"[T]heory (and meditation, for that matter) is not supposed to make you a "better person" in any sense. It is supposed to expose hypocrisy, or if you prefer, to examine the wyas in which ideological illusions maintain their grip." 12
Ecology without Nature, Timothy Morton
I have tried to approach my work as honestly as I can. That includes being honest about criticism.
I used to think that one needs to justify one's work by reasoning. That was part of the architecture training. A designer talks with reason (or a seemingly sound logic loop) and knows how to convince.
I gave that up after the first year during the Master's.
To look deeply is to see beyond the correctness. I don't want to make correct work. I want to make works that touch the heart, hold the hand, and look into the eye. I want the work to support, to understand — the things it portrays, and the people who watch it. The work is nourishment.
So when many a time B or D point out the ambiguity of my images, I felt a bit lost and I felt that I must persist.
When I started the Master's I said I did not care about aesthetics, or that creating for an aesthetics is easy. Now I can revise that phrase because I am clearer about what I was hinting at.
What I meant, and mean: aesthetics comes after meaning, and with meaning. It is not a container in which to put meaning (because then aesthetics adds confusion to the meaning, or generalizes quite specific stories.)
Recently when I watched a piece of work by two artists responding to the topic of climate change, I find myself unmoved. The artists are knowledgable about the subject — for it is a complex subject — but that does not necessarily mean a piece of work needs to be overtly didactic.
I wanted to ask: do you think your images encourage new ways to think about this issue? I think the question is not that people do not know about climate change but rather how they relate to it. By complicating the issue it might open someone's eyes to beyond the rudimentary and now stereotyped "polar bear" image, but it does not necessarily make people relate to the suffering of others. The promotion of justice comes from, fundamentally, compassion, rather than opposition or a sense of superiority.
I also wanted to ask: who are your audience? I get a clear feeling that people who go to "experience" an exhibition are already part of the echo chamber.
I do acknowledge that for within the echo chamber (people working on policy, advocacies, etc.) the works are comprehensive, valuable research and sound speculation.
I am here to find a epistemological position
in the process of finding one
every pursuit is one that is personal (including anything in the framework of academia)
the right livelihood
if i were to do a phd
it would be to contribute to a marginalized, undernoticed, understated discourse
it would be the bridging of quiet rustles in a yoga studio, the lime light at the Academy Award and "fling with the philosophers" (Nelson)
photo-taking as an extension of the body
Talked to Ine and spoke about my involvement (or the lack of) with taking photos in Iceland.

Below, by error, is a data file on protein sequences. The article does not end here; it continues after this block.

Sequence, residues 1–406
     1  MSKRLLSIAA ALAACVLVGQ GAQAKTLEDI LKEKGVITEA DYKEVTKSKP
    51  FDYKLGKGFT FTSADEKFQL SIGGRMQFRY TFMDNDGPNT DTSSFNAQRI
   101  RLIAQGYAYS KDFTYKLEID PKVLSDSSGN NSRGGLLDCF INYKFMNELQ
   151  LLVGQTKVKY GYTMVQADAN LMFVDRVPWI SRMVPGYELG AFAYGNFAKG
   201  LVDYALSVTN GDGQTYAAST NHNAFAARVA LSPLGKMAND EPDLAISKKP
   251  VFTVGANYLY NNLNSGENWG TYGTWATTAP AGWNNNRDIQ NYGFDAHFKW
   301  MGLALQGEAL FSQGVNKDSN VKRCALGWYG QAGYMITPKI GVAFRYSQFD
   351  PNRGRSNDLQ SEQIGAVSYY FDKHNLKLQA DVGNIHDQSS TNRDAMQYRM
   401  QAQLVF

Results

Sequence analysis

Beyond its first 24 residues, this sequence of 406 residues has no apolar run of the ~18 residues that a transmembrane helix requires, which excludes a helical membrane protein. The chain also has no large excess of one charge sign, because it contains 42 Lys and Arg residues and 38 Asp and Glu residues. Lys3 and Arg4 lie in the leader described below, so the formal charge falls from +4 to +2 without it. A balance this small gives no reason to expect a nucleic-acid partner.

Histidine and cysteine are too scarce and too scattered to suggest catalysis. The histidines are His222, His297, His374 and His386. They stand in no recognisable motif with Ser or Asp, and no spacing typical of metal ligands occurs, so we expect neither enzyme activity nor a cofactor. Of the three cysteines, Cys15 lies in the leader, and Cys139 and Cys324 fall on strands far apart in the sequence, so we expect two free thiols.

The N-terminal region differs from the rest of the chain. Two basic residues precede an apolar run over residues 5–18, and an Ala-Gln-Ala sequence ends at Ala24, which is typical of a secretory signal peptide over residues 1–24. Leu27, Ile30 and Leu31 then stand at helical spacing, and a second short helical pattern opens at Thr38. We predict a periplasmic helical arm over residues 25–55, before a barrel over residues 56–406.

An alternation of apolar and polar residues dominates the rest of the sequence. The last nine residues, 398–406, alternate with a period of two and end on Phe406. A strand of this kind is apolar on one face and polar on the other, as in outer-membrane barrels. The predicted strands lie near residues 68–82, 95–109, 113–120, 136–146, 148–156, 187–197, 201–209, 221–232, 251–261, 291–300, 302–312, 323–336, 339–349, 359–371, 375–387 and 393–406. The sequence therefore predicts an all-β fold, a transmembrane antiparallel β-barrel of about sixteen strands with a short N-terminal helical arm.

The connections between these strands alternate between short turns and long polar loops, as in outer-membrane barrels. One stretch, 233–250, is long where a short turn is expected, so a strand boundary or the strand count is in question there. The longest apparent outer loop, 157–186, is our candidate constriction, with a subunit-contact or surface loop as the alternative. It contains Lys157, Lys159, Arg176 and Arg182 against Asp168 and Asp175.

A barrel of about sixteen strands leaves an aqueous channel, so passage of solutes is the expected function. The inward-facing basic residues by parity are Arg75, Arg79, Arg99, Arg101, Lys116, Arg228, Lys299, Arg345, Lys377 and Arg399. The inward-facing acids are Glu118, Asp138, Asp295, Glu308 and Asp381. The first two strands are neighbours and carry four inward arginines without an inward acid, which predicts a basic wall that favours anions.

I wanted to see with my eyes and I wanted to speak with a sculpture...
I made a rule for myself to not take photos or write. Even asked my friend to bring back the analog camera I carried with me.
I broke the rule during my trek. It felt necessary to take the photos.
"It's saying I am here. I am present," Ine said, "do you feel what you see online are the same as the photos you took yourself?"
"No. I took them after hiking up a mountain. There was rain, wind. I was isolated. I was cold. The moment makes it different."
"It's an energy... When you see these snapshots from others it's as if something has been ripped from you."
via The Dictionary of Obscure Sorrows
The more I make film, the less I care about art [exhibited with a lot of wall text].
what is your purpose
my emotional register as a filmmaker
grammar is related to purpose - there is no inherent right or wrong
defining purpose makes editing easier
taking control is okay
repeat, taking control is okay
just because you are good at something doesn't mean you shouldn't do it...
What is in an image? Does the image conduct my intention?
Gee, if my intention is blurry...
If I become aware and articulate all the decision-making in the making of an image...
I feel exhausted.
This thing about moving image is...
I have a ton of footage. I want to be precise. I am not always motivated to edit...
For a few years I drew rectangles.
Everything happens within the bounds.
In the beginning, screens are flattened, senitized surfaces.
Projections are light without a screen.
The screen catches.
What is the materiality of light... Memory image.
Cameras are portable.
I like to be centered when everything else moves.
I do not like moving much, to be honest.
I enjoy moments when things are quiet, when I am quiet.
I enjoy being quiet.
The hierarchy of images is not dependent on the way they are produced, it comes from within. I have distrusted that within, but I will change now.
I am precious with this image and will not show it until it is done. Test the boundaries.
RSVP photo booth with curtains.